Let him live about great persons and his best discourses will be lye-blowne with tales of honour : but turne him to pasture a little into Spaine or Italy, and he will purge himselfe (in England) of twenty times more then he received. Hee tels no wonder without some preparative : as namely, he admits before-hand what may be : or he begins thus : You may thinke it is a lie : or, it will seeme strange, but I protest before God, it is very true : But if he be one that maintaines Ordinaries and publick meetings in delight of new relations ; he speaks altogether upon credible report; and you shall be the third man partakes of the novelty ; for he hath alwaies talked with one, that was an eye-witnesse : if hee were not himselfe the agent or beholder. Sometimes he delights to be a glorious fellow; and then no letters be conveyd from / p.183 / Italy or France; and no disgraces or advancements bee meditated in the court without his knowledge. He may at his election be admitted into the Colledge of Jesuits : but he loves not to forsake his Country, though he boasts of travailes ; and yet he is a meere fugitive. He was originally intended for a Rhetorician ; and lackes onely a little instruction : For hee is more conversant with Tropes then Figures ; and yet the figure of repetition, is his owne naturall. Attention makes thee very much culpable in his reports : beliefe makes thee apt to erre in the same kinde. He is more confident (if he could be uncased) in the rare exployts of Rosaclere, and Delphœbo, Amadis de Gaule, or Parismus, then the most holy Text of Scripture. It is an æquall difficulty to discerne his truth and untruth : for he is nothing but falshood, yet contrary to falshood, and contrary to truth : having more conveyances then a bawdy-house, or a suspected victualler. The truth is, there is no truth in him : let him tell me, that himselfe lyes, and I will not beleeve him. If he should strive for Antiquity, no English Generation can compare with him : And yet he needes no Herald, for he derives his Pedigree immediatly from the devill.
/ p.184 /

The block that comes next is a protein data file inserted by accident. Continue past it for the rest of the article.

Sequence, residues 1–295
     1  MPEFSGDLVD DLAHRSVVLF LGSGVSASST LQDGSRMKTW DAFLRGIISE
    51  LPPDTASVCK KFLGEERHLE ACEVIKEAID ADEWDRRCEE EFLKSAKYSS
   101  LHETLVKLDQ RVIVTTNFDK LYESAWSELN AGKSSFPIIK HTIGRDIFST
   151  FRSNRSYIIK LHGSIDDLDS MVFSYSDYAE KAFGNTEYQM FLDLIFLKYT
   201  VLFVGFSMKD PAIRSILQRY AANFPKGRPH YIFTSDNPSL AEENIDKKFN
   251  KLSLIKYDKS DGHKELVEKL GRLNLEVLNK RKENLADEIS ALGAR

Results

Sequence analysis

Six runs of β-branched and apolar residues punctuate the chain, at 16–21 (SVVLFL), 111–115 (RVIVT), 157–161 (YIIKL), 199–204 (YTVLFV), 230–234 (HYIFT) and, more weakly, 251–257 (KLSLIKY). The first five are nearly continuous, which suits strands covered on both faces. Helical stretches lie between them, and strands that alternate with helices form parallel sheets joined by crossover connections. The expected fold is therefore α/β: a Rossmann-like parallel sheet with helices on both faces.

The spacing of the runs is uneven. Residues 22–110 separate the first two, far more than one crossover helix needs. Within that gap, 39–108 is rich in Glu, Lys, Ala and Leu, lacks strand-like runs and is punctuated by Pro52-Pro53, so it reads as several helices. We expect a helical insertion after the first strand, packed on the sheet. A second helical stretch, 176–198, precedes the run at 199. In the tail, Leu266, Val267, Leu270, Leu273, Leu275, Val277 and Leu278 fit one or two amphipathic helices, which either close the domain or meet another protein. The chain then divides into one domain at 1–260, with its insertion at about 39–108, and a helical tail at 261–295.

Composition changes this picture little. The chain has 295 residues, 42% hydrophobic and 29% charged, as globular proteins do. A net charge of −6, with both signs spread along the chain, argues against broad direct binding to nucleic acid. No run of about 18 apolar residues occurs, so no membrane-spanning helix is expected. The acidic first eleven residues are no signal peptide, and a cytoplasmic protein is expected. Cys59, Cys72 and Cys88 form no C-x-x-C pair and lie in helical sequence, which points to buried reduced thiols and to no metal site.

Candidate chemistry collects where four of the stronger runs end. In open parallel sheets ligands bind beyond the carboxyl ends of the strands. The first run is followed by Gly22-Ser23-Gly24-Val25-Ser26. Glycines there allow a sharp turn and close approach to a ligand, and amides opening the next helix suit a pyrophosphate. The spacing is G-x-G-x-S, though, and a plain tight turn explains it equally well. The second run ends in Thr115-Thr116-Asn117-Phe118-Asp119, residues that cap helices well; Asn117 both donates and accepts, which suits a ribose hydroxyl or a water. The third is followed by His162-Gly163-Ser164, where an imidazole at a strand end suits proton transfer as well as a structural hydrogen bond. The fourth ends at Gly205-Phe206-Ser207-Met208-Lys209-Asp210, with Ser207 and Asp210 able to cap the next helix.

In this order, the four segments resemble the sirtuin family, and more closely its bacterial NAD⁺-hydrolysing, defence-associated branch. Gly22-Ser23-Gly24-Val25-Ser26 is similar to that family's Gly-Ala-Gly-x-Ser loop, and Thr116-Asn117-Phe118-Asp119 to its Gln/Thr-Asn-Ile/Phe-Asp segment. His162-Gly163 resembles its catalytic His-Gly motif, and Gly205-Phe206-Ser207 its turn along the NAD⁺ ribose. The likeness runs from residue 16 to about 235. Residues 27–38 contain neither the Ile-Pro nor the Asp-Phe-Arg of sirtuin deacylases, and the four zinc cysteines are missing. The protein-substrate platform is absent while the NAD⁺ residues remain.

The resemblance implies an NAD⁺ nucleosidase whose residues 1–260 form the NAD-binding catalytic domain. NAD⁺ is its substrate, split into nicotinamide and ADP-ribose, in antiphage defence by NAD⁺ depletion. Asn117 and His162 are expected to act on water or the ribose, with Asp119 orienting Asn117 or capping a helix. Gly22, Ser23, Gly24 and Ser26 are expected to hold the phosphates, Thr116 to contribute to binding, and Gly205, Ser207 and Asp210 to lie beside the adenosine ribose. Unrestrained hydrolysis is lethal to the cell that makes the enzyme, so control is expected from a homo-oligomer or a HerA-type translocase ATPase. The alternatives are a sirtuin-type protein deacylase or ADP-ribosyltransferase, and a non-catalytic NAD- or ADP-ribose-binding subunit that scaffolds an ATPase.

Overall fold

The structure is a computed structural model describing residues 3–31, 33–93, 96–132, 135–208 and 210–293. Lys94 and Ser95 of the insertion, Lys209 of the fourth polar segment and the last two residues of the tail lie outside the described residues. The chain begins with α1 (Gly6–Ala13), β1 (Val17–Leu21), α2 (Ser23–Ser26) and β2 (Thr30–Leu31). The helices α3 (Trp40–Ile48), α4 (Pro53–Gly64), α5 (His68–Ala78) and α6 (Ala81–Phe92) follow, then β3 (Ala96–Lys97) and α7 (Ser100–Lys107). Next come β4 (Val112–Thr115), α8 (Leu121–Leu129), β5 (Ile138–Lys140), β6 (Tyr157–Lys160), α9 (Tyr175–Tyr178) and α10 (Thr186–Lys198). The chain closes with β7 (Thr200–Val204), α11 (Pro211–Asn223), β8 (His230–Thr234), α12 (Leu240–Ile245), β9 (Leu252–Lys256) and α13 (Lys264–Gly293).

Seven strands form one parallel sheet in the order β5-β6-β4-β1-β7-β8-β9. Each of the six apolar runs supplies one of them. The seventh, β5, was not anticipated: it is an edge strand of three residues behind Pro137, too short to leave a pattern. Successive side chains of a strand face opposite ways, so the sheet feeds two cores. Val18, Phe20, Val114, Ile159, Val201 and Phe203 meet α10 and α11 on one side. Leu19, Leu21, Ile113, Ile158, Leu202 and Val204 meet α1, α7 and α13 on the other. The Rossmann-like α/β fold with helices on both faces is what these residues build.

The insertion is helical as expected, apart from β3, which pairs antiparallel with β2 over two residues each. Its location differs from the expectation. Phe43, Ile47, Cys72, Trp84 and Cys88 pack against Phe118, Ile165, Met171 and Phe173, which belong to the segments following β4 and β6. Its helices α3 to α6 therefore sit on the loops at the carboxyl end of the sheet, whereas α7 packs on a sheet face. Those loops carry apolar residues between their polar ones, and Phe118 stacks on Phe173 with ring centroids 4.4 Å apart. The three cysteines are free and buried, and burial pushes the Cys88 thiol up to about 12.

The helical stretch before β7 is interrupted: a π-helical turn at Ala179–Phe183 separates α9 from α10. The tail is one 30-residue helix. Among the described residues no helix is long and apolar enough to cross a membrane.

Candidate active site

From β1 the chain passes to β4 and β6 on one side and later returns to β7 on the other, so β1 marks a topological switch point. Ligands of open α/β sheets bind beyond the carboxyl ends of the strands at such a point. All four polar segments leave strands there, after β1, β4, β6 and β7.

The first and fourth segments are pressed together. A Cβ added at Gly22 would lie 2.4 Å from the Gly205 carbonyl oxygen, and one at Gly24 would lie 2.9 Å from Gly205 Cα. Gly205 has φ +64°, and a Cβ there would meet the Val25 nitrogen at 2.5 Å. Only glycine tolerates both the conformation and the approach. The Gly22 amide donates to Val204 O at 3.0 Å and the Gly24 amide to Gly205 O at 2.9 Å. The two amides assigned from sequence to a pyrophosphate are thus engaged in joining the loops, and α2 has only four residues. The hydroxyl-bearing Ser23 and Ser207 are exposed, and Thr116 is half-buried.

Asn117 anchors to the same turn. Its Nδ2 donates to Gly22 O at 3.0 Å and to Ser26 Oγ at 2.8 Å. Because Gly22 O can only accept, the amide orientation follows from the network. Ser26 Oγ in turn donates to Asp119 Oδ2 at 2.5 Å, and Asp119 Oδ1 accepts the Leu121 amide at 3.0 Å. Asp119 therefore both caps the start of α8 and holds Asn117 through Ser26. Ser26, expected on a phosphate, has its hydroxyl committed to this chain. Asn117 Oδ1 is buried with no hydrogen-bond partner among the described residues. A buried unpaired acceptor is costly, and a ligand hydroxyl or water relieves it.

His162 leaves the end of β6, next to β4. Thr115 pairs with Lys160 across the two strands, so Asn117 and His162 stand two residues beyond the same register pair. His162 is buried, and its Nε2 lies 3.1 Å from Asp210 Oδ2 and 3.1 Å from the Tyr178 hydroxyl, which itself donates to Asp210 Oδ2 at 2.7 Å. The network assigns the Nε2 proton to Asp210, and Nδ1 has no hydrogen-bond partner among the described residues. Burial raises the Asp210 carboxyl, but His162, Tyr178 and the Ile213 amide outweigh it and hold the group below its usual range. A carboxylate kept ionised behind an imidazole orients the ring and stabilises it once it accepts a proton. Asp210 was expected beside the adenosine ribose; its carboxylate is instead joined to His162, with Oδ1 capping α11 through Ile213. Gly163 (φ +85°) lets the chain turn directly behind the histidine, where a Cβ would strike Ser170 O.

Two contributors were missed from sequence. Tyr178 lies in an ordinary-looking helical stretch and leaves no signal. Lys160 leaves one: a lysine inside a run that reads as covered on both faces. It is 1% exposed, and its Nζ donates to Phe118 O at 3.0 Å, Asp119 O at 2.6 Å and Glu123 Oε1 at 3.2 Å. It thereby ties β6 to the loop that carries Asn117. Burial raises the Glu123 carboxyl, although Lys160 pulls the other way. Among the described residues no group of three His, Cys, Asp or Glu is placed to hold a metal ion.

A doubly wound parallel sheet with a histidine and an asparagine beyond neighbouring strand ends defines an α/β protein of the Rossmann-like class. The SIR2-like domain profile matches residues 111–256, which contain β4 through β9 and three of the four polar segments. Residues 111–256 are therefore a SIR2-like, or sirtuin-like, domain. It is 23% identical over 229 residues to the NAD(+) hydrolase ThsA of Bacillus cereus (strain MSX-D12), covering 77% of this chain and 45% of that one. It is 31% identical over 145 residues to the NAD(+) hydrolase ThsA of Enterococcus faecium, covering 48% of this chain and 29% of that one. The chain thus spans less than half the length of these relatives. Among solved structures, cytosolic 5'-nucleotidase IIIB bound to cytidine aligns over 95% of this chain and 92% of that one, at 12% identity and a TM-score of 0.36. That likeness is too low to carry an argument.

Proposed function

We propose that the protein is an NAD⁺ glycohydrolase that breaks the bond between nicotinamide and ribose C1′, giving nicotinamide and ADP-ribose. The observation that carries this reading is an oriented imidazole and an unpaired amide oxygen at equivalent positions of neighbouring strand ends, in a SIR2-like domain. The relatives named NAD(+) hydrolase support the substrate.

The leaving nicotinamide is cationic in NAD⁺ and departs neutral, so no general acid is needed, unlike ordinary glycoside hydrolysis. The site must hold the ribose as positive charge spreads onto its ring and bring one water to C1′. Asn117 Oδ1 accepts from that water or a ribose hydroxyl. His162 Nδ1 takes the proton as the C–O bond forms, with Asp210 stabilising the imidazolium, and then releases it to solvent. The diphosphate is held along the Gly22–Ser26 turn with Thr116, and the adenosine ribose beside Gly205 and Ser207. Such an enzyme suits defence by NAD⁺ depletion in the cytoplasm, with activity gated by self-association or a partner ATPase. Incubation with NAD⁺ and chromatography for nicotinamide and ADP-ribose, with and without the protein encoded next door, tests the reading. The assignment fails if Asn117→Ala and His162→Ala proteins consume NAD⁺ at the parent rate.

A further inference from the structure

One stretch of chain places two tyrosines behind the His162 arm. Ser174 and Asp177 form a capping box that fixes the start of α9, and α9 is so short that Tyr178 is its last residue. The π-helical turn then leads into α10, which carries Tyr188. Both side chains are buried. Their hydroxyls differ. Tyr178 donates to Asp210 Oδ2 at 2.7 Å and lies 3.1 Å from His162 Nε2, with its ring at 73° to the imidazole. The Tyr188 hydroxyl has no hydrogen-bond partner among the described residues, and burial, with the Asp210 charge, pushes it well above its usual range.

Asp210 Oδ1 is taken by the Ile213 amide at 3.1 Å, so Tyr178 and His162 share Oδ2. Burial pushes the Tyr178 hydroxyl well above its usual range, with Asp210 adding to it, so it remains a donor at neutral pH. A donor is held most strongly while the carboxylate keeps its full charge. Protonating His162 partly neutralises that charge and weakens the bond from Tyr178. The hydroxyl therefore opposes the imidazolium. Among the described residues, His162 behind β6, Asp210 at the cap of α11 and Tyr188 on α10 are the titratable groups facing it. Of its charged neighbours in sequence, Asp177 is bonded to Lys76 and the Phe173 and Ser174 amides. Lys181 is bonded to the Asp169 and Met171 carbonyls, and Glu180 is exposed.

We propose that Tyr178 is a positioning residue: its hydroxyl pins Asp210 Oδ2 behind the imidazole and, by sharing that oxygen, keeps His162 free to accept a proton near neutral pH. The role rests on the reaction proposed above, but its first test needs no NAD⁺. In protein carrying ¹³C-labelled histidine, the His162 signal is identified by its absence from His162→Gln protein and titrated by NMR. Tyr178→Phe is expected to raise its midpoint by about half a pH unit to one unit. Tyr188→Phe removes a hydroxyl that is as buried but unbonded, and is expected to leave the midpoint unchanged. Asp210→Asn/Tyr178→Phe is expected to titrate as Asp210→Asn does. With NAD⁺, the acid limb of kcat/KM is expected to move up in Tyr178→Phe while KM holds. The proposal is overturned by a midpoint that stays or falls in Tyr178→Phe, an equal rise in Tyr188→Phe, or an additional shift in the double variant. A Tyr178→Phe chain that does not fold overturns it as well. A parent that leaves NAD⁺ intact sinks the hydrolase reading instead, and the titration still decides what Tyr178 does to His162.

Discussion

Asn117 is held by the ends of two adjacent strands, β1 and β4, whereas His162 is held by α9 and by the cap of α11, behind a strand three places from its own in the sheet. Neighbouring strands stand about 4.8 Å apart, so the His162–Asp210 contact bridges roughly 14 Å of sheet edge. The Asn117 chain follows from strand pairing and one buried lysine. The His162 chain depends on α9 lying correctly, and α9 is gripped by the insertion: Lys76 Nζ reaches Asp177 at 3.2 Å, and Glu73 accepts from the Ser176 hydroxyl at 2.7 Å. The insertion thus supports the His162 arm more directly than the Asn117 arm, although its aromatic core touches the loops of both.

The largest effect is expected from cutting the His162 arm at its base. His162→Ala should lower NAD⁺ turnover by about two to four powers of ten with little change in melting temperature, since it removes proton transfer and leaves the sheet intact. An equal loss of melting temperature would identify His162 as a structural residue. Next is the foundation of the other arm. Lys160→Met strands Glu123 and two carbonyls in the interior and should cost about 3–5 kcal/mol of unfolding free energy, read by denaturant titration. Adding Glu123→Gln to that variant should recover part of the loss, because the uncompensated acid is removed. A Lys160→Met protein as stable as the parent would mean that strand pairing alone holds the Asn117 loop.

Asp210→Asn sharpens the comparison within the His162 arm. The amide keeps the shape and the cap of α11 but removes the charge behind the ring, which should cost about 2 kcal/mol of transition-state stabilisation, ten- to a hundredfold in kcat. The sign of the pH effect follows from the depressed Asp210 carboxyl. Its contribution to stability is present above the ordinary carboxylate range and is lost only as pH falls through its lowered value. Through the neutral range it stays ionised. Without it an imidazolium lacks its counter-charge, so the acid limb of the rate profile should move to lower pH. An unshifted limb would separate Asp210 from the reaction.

IS in Opinion a good fellow, in practise a living conduit. His vices are like Errata in the latter end of a false coppie : they point the way to vertue by setting downe the contrary. Hee is at all points armed for a Knight errant, and cald upon for adventures, every way as full of hazard. This makes him enter boldly into the Lyons, or the Greene Dragons Cave ; into the White Beares jawes, the Mermaids closets, the Sunnes Palace ; nay, more, into the devills chamber of presence. And for his Travailes let the Globe witnesse ; through every corner of which, he hath or can walke at his pleasure. Freedome hee challenges, and therefore scornes to be a tedious customer, till by enforcement, hee drinkes upon record ; otherwise he shiftes his watring place ; either to avoid his lowse the Bayliffe ; or to renew his fountaine : the last onely pleades for his commendation, because hee proceedes still from worse to better : which discommends him most, because it nourishes his facultie. The torment of his eye-sight is a frothy Tapster, or a sluggish Drawer with a deceitfull pot. The plagues of his palat be good wines, where he cannot purchase, nor be trusted : or a Taverne well furnished, that joynes to the prison doore : they vexe him, as a feast vexes the famished, in a strong Castle : or a Lambe the starved Foxe, when Mastiffes be awake. He never disallowes religion for putting Lent in the Almanacke : for / p.185 / Tobacco, a Rasher, and red Herrings, his instruments of relish, are at al times perhibited. There is some affinity betwixt him and a Chamelion : he feeds upon ayre ; for he doth eate his word familiarly. He hath a cheape course of breake-fasts, to avoide dinners ; which at his pleasure he can spare, through morning Antidotes : the inquisition of these he studies, and looses by the knowledge. He indifferently concludes, and beginnes quarrels : that quality neither much blames nor praises him. Hee cannot run fast enough to prove a good Foot-man : for Ale and beere (the heaviest element next earth) will overtake him. Oportunity he embraces, but in a bad sense : for he is rather studious to follow any mans calling then his owne. His nose the most innocent, beares the corruption of his other senses folly : From it may bee gathered the embleme of one falsely scandald : for it not offending, is colourably punished. It serves therefore for nothing but such an Embleme, except to prove the owners great innocence ; by how much it is the greater : His eminent seeming vertues be his peculiar vices : For his casting up expences, and his wisedome over the pot, be his unthriftinesse and folly. Sacke and strong liquours hardens him in his custome ; according to the nature of a bricke : as if he were ambitious to be red earth, like Adam. He proves the Philosophers opinion of Man, better then any ; for he is animal calidissimum and humidissimum the hottest and the moystest creature. Hee were utterly base, if unable to defend his habite : you shall therefore know him by his arguments. If he inclines to Scholler-ship, they be these : First, to abandon melancholy ; For care, hee saith, kils a / p.186 / Cat : then to avoide mischievous thoughts ; for hee that drinkes well, sleepes well, and hee that sleepes well thinkes no harme : hee may be thought a fit travailer in difficult journies, for he cannot misse the way ; no more then a blinde man misses a picture. His teeth be strongest, because least employed : Hence you may take the embleme of one truly miserable ; who abounds in profites, unprofitable to himselfe. A beggar, and hee are both of one stocke, but the beggar claimes antiquity : the beggar begs that he may drink, and hath his meaning : the other drinkes that he may beg, and shall have the true meaning shortly. In the degree of beggars it is thought he will turne Dummerer, he practises already, and is for that purpose many times taken speechlesse. If he goes out in the morning a libertine or a man lately manu-misd from liquor, he returnes at night a prisoner, if he doth returne : for he cannot returne safely without his keeper : otherwise, he converts suddenly from flesh to fish, and dives into the mud, or swims in his owne water. These together may prove fasting-dayes to be his naturall season. Whilst he is waking, he purges all secrets ; least I therefore by keeping him awake longer, should erre in the same kinde, I have now cast him into a dead sleepe.